Smooth as silk

Similes are used to describe something in terms of something else. By the way, we don't say "sigh miles", it's more like "sim ill ease". You will occasionally hear people get this wrong.

Similes are popular figures of speech, and so we will often hear something referred to as being "as quick as a flash" or "as something as something". These are effective similes, because they take some notable characteristic and use it as an illustration of another thing.

However, the most effective and popular similes are the ones using alliteration. Alliteration is a form of language where we use words which start with the same sound, much in the way that rhymes take the sound at the end of a word. So we can take these and end up with such well known phrases as "as cool as a cucumber", "as right as rain", "as pretty as a picture" and so forth. Thai International Airways uses one of these similes in their advertising line "Smooth as Silk", which is particularly effective because Thai silk is noted as particularly smooth.

The District Grammarian, as you will know by now, isn't here just to educate, but to complain, so here it comes. The problem is that New Zealanders and, I think, Australians, don't fully understand the principles behind similes, and it is at this point that I will, once more, antagonise most of my target audience...

You will hear that something is "sweet as..." or "weak as..." without the speaker providing something to compare. Now, some New Zealanders will claim that this is because they are so much cleverer than anybody else and so they don't need to say what the comparison is against. I believe that this argument is lacking in any integrity. Perhaps we are saying that something is as sweet as a lemon? Or as weak as an Ironman? Perhaps the claim is valid and we don't need to know what something is "crazy as..." Whether this is true or not, the fact remains that a well-formed simile will always have an object or a concept.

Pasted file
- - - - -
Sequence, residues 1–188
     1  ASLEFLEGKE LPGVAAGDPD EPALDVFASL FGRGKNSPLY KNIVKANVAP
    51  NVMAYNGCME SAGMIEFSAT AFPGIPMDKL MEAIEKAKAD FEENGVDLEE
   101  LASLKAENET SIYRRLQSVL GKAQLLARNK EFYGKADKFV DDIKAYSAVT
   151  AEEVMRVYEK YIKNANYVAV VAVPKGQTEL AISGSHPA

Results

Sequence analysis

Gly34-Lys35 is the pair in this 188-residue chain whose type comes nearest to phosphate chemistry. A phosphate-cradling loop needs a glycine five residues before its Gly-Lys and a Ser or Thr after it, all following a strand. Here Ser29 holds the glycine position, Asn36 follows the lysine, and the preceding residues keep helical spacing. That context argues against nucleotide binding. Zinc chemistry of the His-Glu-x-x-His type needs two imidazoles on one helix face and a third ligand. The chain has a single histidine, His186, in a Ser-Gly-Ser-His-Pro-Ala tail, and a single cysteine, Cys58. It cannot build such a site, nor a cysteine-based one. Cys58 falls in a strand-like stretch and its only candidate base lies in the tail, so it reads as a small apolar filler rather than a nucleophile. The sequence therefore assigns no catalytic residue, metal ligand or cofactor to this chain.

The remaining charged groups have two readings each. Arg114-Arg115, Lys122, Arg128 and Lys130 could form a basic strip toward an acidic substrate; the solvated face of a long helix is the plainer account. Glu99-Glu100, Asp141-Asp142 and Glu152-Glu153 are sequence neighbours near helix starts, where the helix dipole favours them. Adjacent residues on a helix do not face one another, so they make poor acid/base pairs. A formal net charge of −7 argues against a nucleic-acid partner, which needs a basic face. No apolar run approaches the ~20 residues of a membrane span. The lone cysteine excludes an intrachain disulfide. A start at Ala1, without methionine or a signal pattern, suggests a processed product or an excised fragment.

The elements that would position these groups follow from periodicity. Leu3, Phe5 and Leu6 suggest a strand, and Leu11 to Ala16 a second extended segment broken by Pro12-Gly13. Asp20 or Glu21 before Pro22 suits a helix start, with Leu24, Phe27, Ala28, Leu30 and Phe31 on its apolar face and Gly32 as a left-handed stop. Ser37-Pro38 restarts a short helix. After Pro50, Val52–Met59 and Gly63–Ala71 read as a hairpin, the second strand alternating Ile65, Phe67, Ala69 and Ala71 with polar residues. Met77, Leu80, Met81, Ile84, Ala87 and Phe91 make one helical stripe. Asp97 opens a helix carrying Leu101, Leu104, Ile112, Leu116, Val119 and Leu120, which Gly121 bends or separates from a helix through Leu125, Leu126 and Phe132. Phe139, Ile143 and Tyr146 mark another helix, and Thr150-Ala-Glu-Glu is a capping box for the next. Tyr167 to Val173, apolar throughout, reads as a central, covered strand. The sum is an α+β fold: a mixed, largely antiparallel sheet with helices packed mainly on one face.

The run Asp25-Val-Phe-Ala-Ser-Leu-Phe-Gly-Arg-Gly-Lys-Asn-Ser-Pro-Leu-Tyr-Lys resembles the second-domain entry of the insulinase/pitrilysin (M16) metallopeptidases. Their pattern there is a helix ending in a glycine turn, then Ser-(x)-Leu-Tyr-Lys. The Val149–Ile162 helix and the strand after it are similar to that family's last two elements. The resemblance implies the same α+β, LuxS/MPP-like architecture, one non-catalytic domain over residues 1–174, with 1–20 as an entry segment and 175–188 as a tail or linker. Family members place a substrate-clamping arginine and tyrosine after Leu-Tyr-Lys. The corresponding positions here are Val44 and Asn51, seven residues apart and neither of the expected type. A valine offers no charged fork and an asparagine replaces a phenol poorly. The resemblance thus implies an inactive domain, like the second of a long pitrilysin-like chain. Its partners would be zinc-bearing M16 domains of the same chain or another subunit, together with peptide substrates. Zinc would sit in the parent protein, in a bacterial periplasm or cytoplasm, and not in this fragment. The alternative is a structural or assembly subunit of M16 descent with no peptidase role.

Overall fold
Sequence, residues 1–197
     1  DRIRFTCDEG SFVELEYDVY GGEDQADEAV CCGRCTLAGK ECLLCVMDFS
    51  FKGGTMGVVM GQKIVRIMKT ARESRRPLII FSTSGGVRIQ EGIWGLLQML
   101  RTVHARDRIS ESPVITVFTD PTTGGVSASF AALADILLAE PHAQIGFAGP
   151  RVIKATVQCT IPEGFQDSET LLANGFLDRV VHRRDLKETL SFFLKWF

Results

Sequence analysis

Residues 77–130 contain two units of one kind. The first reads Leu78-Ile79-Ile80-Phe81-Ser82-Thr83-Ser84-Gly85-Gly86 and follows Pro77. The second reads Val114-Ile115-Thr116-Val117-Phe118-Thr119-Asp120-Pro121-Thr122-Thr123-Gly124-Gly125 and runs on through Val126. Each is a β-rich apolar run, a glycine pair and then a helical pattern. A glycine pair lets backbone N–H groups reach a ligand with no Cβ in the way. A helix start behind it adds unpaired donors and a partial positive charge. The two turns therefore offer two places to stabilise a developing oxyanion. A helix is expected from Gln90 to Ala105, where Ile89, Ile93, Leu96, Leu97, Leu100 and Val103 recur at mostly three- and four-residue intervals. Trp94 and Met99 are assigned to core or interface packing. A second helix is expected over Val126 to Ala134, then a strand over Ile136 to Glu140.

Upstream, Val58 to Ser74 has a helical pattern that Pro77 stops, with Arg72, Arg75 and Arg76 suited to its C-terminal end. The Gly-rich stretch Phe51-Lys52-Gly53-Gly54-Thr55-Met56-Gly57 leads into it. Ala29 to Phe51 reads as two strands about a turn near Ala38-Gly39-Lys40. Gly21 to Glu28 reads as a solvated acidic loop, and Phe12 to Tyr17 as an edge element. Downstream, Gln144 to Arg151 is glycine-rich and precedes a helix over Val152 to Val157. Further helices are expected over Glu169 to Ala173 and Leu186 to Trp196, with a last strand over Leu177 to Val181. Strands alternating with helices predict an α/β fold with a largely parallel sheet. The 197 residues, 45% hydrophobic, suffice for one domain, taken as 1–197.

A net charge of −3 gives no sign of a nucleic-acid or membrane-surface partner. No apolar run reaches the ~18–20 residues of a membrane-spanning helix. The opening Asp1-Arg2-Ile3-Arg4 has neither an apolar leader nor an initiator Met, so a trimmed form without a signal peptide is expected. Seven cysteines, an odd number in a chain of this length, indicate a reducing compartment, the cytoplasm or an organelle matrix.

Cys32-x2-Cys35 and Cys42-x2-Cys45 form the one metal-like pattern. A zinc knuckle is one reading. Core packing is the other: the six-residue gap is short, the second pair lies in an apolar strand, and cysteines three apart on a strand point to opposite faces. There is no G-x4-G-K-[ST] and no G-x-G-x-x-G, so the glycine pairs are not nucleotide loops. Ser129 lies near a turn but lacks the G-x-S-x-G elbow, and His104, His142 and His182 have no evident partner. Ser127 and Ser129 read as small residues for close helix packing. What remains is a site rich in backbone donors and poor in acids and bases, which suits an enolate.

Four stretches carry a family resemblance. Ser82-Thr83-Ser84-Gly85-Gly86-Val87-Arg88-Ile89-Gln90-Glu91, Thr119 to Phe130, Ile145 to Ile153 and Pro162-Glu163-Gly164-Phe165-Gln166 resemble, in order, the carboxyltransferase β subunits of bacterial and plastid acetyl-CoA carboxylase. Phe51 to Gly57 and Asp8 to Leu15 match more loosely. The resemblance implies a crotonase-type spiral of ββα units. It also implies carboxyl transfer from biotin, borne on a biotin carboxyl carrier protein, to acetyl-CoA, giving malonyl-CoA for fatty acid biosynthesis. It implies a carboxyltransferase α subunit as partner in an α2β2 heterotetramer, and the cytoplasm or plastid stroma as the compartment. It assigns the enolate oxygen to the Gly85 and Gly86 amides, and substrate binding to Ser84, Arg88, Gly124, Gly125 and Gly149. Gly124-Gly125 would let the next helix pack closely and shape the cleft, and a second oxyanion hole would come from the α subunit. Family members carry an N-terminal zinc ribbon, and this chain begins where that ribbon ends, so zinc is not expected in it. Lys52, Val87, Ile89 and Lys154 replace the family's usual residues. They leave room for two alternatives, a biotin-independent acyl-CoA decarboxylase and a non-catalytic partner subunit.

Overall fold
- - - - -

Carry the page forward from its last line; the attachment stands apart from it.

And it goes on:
I'm sorry to say that you will often see roadside stalls proclaiming fruit for sale, offering such things as "Gala Apples - Sweet As". They won't receive my custom for two reasons. Firstly, I won't support vendors who murder the English language. Secondly, I prefer Braeburn apples.

Another company which will never receive any of business has large trucks with the words "Independant Removals" painted on the side.

I might tolerate poor grammar in spoken English form time to time, but I don't like to spend my money supporting companies who choose to write down things that are unacceptable, either in grammar or spelling. By the way, any spelling errors you find on this site are far more likely to be typographical errors than spelling mistakes. I can spell much better than I can type!

The English are sometimes at fault too, when it comes to similes, although this is also a universal failing. "He ran like anything." Perhaps you were thinking of a snail? Anything - not a good thing for a simile.

This has been lots of fun, and I will be producing another column before Christmas. If the muse takes me, we might be hearing from the District Grammarian twice every month. At the moment, no promises.

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